Commodore's port. (Program for Vic-20 to manage the 1541 disk drive) John J. Anderson.
Gee whiz, I want to tell you. Lot's going on in the Commodore arena, and it's really hard to keep up anymore. More and more new hardware and software products, more great packages meriting review, and more applications than you can shake a disk at. We need more room! Maybe Creative should become Commodore specific! Just kidding, Atari fans. See John Run
No, but seriously, folks. I want to lead off by extending my sincere thanks to a Karl T. Thurber, Jr, of Millbrook, AL. In the March issue of Run magazine, Karl said some very kind words about my old Baby Driver program for the 1540 disk drive.
In an article entitled "Bringing Up Commodore," he described Baby Driver for more than four paragraphs, and wrote, "I place it on practically every disk . . . I find it very easy to use, and it can be used whether or not the Wedge programs have been loaded. Some users may even prefer the Baby Driver over the still-cryptic Wedger by virtue of its simple, menu-driven operation."
Karl, old buddy, you made my month. And if you liked Baby Driver, which was written way back in the winter of 1982, you'll love MiniDos Menu 2.0, which appeared in our May issue. It is designed specifically for the C-64 and 1541 drive, and has many signicificantly improved features. So type it in, okay?
And all you other C-64 owners out there--you type it in, too. Run, John, Run
It just goes to show you. If an unfortunate soul reads only Run, he first learned about Baby Driver in March, 1984. The enlightened Run contributor, i.e. Mr. Thunder who never misses an issue of Creative Computing, has not only know about the virtues but had a copy of Baby Driver since Christmas of 1982. And now he will have a copy of the improved version. It's enough to make a micromag publisher Green with envy.
And due to overwhelming demand (four letters so far), this month we present the Vic version of Menu 2.2. Just when Vic owners thought it was safe to go back in the water. Warm up your machines and limber your finges. And don't Run away. Another Winner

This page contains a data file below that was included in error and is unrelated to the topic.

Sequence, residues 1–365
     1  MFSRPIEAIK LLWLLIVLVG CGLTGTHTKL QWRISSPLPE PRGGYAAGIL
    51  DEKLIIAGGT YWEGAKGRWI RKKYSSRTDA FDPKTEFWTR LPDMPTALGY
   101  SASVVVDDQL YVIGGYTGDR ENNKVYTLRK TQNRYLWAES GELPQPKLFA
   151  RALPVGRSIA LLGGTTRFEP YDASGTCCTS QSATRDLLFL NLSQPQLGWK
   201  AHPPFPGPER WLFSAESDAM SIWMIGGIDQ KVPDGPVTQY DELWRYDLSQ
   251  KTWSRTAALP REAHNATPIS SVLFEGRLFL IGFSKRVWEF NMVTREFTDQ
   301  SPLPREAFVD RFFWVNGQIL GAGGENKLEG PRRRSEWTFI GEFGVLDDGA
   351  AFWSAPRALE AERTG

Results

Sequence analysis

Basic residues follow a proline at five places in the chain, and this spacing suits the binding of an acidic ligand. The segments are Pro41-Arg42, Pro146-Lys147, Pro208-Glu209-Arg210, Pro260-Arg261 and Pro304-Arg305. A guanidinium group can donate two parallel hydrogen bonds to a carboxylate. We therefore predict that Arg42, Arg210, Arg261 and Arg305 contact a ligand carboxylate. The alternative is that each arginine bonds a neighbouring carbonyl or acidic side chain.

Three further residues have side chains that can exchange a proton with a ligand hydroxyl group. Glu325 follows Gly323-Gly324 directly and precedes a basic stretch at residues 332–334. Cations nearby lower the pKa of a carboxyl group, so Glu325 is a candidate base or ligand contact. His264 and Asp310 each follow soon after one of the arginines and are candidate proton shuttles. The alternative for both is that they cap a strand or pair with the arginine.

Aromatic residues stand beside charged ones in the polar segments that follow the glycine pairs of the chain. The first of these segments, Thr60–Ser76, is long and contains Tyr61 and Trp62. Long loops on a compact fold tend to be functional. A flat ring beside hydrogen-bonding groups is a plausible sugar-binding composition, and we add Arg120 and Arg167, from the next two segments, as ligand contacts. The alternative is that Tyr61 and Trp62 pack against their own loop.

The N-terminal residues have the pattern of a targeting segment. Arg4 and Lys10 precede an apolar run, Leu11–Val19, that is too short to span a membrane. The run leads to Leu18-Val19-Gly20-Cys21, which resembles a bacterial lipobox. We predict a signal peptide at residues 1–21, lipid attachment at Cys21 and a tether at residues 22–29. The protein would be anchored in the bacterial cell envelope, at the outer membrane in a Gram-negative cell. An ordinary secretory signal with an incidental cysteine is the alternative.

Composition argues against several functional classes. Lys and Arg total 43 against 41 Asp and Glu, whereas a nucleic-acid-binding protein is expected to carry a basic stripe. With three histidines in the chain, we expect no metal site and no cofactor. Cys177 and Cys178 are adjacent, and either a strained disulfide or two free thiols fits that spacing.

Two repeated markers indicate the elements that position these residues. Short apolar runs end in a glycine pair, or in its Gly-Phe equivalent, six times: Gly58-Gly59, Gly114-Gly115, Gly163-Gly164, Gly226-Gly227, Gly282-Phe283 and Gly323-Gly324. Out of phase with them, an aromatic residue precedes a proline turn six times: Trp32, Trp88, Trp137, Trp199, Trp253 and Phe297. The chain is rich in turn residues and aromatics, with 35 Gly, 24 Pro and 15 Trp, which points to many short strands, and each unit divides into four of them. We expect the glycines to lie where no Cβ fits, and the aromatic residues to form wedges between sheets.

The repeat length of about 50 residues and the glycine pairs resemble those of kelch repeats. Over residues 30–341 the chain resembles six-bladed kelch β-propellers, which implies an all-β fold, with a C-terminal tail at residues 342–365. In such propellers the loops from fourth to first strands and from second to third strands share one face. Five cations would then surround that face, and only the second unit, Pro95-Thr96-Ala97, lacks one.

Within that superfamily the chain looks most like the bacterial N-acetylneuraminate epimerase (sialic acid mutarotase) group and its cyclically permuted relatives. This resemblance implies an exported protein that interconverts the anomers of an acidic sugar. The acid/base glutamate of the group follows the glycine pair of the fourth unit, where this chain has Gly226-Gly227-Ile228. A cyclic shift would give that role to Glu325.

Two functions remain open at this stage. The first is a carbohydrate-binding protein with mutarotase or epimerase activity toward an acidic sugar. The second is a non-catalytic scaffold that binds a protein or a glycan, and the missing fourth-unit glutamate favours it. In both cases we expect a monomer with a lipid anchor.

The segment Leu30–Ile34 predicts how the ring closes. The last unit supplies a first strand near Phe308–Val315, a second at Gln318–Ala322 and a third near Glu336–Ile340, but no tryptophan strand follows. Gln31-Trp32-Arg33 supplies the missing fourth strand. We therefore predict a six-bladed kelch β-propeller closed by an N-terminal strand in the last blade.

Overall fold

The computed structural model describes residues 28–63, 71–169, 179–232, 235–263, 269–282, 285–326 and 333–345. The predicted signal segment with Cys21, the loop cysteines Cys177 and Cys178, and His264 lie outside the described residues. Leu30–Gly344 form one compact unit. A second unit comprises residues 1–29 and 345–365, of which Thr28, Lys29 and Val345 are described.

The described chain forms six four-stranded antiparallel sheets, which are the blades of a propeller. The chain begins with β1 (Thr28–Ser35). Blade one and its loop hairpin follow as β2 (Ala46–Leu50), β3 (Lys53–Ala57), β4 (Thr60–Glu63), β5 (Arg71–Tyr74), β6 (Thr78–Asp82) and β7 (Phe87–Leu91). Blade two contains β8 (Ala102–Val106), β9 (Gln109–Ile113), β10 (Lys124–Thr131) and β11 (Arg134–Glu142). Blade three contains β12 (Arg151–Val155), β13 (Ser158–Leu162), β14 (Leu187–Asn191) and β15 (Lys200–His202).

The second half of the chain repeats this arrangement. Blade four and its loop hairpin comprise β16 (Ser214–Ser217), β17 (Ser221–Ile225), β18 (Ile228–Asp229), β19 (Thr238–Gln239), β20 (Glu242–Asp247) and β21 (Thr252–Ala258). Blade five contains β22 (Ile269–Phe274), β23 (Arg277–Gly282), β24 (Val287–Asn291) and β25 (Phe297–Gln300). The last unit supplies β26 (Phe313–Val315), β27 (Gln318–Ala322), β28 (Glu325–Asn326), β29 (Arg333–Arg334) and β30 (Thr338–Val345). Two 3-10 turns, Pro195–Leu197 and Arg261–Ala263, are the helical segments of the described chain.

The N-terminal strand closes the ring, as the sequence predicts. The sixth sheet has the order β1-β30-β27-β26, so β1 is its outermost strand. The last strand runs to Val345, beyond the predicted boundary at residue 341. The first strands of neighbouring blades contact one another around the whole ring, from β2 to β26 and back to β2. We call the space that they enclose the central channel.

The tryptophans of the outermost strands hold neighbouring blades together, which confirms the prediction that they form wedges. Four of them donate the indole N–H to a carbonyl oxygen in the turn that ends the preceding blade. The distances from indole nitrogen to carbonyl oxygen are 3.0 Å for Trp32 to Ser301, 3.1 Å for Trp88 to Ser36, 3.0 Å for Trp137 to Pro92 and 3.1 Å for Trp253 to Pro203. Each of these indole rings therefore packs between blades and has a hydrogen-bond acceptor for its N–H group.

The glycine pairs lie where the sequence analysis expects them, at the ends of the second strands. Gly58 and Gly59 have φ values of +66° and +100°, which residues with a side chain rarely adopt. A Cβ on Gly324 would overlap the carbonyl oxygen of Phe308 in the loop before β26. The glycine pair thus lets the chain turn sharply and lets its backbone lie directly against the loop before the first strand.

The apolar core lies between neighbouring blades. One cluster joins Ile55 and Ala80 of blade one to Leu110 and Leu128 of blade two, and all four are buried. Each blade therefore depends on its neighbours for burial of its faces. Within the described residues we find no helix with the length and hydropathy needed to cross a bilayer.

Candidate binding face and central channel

This month we have another debut application, by my Commodore-maven buddy Robert Alonso, that without a doubt will also set other Commodore micromags swiftly ahemming and hawing. Let's hope they credit Creative Commputing for this one, too. It runs in a mere 20 lines,and I guarantee you will want to type this one in. But I mention this now only to whet your apetite. First let's look at the menu. MEnu: a Vic MiniDos
Listing 1 is version 2.2 of Menu for the Vic, a Basic program that makes working with the 1541 disk drive much easier. Figure 1 will help you locate all the special graphics characters you'll need to type in. every line in which they appear is indicated in the figure.
The real utility of the Menu program is knowing that a copy of it resides on every data disk you own. When you power up, type LOAD "MENU", 8 then press RETURN. When the Vic comes back with a READY, run the program.
Automatically upon the program RUN, a disk directory will be privided. First the name and extender of the current disk are listed. Then the lengths, names, and types of files appear. After the directory is completed, a menu prompt of choices appears. You pick a letter, hit RETURN, and the chosen process is automatically carried out for you.
Here is the roster of functions Menu can perform:
* (<) RUN-- allows you to autorun and program in the directory.
* (F)ORMAT--formats a disk.
* (C)OPY--allows you to copy a file under a new filename.
* (E)RASE--deletes a file from disk.